salvage value.

Years

Accounting profits

40,000

40,000

40,000

40,000

+ Depreciation

25,000

25,000

25,000

25,000

65,000

65,000

65,000

65,000

Cash flow

Year

Cash Flow

Discount Factor

1.00

NPV

(100,000)

(100,000)

65,000

0.9091

59,092

65,000

0.8264

53,716

65,000

0.7513

48,835

65,000

0.6830

44,395

NPV

N106,038

Notes

a. In the year of investment, the entire capital outlay is regarded as a cost

or loss - that is why it appears in bracket.

b. At the time of investment the value of the currency being used, in this

case the Naira, will not have been affected by depreciation or inflation

this is why the discounting factor remains a whole number.

10

c. The discounting factor is obtainable from the NPV tables that are usually

found in Financial Management and Managerial Accounting textbooks.

Calculators may also be used to calculate them in the absence of tables.

d. The summation of the cash flows was N206,038 so when we deducted

the initial capital outlay of N100,000 we arrived at N106,038 which

represents the NPV for the Project.

e. When the NPV is positive as it is in this illustration, the project is viable

and should be accepted and vice versa.

The PI approach to investment appraisal does not differ greatly from the

NPV approach. The only difference is the fact that profitability index

measures the present value return per Naira invested whilst the NPV

approach gives the Naira difference of the present value of returns and the

initial investment. The PI is defined by the following formular:

PI = Present Value of Cash Inflows

Initial Investment

If PI is greater than or equal to 1, accept the project; otherwise reject the

project.

Using the same example in NPV, we could derive the PI as follows:

N206,038

= 2.06

N100,000

This gives a rate of return on project, which can be compared with the

companys cost of capital to determine acceptance, or rejection of capital

investment proposals. Strictly speaking, it is the rate of interest at which the

present values of expected future cash flows of a particular project equal to

its present capital outlays. At the correct rate of IRR, there is no gain and

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calculating the IRR is given as:

Investment

Annual cash flows

Illustration

A company, Ofinjala Limited has the following data:

Project cost N100,000

Annual cash flows:

Year

N40,000

N40,000

N40,000

N40,000

Solution

IRR = 100,000

= 2.5%

40,000

This figure will then be read off the annuity table to determine the appropriate

rate for the project. In this particular illustration the figure must fall along line 4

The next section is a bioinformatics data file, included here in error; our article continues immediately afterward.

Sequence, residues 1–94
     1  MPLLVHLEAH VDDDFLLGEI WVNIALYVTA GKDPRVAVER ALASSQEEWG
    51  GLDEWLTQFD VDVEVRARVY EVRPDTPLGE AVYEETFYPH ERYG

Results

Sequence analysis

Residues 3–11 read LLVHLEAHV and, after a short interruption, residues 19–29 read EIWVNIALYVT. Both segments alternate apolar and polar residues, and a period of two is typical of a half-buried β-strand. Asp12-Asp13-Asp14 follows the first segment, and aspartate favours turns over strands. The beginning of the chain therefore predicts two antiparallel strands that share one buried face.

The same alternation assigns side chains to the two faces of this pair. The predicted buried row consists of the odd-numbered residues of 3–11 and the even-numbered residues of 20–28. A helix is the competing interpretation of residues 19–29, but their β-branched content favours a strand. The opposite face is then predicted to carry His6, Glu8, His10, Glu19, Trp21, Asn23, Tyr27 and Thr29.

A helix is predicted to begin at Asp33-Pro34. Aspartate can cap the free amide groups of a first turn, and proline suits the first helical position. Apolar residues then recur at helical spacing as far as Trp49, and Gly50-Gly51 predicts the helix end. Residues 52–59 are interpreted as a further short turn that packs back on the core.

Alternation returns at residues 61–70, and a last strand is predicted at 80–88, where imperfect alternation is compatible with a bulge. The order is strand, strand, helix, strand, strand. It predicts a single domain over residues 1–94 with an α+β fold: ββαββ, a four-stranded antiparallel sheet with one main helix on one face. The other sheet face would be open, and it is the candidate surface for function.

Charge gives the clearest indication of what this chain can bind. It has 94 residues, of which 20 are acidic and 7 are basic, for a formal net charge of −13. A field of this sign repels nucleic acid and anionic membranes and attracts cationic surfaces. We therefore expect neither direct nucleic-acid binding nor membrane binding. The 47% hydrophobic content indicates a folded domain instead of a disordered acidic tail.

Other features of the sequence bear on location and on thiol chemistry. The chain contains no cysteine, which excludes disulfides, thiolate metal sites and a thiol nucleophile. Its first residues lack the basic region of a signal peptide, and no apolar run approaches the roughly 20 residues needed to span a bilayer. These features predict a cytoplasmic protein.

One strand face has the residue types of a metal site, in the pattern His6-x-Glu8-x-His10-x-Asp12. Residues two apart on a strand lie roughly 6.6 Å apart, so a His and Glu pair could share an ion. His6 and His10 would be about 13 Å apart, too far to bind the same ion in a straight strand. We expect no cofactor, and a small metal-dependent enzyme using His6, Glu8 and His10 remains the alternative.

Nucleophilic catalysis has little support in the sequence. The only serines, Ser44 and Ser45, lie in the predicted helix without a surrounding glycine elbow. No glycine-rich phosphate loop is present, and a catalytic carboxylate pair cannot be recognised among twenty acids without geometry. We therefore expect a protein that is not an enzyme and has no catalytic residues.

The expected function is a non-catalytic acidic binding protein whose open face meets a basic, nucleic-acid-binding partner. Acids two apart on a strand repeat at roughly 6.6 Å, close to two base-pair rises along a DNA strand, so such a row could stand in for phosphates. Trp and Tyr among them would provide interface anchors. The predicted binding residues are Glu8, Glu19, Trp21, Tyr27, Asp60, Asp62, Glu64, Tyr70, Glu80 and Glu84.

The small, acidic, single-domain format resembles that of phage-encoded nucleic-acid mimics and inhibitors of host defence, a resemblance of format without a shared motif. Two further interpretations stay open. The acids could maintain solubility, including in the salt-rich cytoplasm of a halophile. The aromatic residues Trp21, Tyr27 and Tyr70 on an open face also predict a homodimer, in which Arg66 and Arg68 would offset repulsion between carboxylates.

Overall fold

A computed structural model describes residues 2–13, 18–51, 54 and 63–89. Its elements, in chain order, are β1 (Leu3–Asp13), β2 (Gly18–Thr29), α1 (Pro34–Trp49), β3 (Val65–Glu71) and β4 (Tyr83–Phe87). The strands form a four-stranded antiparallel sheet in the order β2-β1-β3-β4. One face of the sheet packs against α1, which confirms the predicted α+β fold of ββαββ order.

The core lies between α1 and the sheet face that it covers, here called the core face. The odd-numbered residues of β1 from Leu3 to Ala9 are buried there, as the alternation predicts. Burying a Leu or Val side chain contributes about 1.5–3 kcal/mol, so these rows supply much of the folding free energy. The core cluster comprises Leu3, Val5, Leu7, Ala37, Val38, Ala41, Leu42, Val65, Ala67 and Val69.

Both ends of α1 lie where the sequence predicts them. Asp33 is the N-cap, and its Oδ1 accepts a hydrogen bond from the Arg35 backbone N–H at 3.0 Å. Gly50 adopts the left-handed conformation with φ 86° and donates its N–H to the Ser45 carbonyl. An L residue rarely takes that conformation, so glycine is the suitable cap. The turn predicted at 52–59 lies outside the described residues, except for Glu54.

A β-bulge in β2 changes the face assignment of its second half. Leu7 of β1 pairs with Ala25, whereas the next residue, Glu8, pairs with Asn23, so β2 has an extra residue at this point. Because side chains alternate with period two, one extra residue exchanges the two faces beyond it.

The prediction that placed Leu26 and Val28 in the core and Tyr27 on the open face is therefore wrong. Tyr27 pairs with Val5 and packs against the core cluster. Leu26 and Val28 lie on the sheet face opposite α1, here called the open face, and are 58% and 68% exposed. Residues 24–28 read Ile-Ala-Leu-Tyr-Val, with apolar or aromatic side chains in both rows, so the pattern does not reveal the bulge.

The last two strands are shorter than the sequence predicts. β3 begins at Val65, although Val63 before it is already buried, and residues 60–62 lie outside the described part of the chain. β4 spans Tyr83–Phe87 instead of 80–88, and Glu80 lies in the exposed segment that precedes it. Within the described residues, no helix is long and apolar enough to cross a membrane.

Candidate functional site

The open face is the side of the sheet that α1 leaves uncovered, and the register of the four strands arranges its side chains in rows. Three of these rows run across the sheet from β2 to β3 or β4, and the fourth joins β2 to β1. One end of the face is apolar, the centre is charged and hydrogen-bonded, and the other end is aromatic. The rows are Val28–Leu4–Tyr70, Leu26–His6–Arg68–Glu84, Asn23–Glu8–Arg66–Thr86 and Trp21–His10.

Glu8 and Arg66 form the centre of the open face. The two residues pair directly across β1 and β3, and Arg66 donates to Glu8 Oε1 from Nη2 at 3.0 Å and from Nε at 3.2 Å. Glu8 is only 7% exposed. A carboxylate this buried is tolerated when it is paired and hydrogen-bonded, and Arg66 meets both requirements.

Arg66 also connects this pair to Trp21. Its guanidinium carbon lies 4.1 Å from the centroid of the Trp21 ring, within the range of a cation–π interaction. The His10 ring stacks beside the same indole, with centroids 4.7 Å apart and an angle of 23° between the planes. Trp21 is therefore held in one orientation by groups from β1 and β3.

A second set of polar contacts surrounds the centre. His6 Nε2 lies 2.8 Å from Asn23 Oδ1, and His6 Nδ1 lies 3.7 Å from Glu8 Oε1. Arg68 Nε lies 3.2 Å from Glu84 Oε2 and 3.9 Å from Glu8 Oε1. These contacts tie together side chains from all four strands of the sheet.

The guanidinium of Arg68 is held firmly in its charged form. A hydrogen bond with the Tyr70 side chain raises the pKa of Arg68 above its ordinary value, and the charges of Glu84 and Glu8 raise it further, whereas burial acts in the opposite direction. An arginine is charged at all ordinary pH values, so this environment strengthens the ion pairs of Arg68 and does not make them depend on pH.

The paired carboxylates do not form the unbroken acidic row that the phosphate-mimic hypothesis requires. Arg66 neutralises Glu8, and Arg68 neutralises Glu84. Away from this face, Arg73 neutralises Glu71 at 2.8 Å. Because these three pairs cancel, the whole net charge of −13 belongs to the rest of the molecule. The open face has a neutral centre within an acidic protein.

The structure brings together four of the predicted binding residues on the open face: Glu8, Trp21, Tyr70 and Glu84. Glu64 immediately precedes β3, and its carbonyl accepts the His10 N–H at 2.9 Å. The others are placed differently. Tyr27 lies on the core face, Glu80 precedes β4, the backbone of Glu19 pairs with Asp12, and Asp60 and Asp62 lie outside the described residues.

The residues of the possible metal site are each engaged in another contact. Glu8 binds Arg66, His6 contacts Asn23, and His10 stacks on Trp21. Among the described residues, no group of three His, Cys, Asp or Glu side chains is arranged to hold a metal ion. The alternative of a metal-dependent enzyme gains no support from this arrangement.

since the project has a life span of four years. The appropriate rate therefore

falls between 21% and 22% and when we found the average of the 2 we arrived

at 21.5%. The appropriate IRR for this project is 21.5%.

In the situation of uneven cash flows, there is no clear cut formular for finding the

IRR, so we usually resort to trial and error arrangement in order to try all possible

discounting factors until we arrive at the rate which will bring the NPV to zero.

12

Illustration

A firm, Maverick Enterprises, has the following financial data:

Project cost N100,000

Annual Cash Flows:

Year 1

N35,000

30,000

28,000

35,000

Solution

We have chosen 10% as our first trial.

Year

Cash flows

(100,000)

1.0000

(100,000)

35,000

0.9091

31,819

30,000

0.8264

24,792

3.

28,000

0.7513

21,036

35,000

0.6830

23,905

NPV

NPV

1,552

The NPV in this trial is positive, so it is not equal to zero. This means that

we have not arrived at the appropriate IRR.

the guiding principle is that if the first trial results to positive figure, as it is in

the illustration we choose a higher rate but if it results to a negative figure

we have to go for a lower rate.

Our next trial rate is 12% because the first trial resulted to a positive figure.

13

Year

Cash flows

Discounting Factor

NPV

12%

0

(100,000)

1.0000

(100,000)

35,000

0.8992

31,252

30,000

0.7972

23,916

28,000

0.7118

19,930

35,000

0.6835

22,243

(N2,659)

NPV

The first trial resulted to a positive figure while the second result to a

negative figure. This means that the appropriate rate must lie somewhere

between 10% and 12% of the NPV table. We then need to reconcile the

two rates by the process of interpolation as follows:

12% NPV gives the sum of N (2,659)

10% ,,

,,

,,

,,

,, N1,552

2%

,,

,,

,,

,, N(4,211)

,,

Note that we subtracted 10% from 12% to get the 2%. When we subtracted

the positive N1,552 from the negative N2,659 we arrived at the negative

figure of N4,211.

10% + 1,552

1,552 + 2659

( 12% -10%)

4,221

=

10 % + 0.737

= 10.74%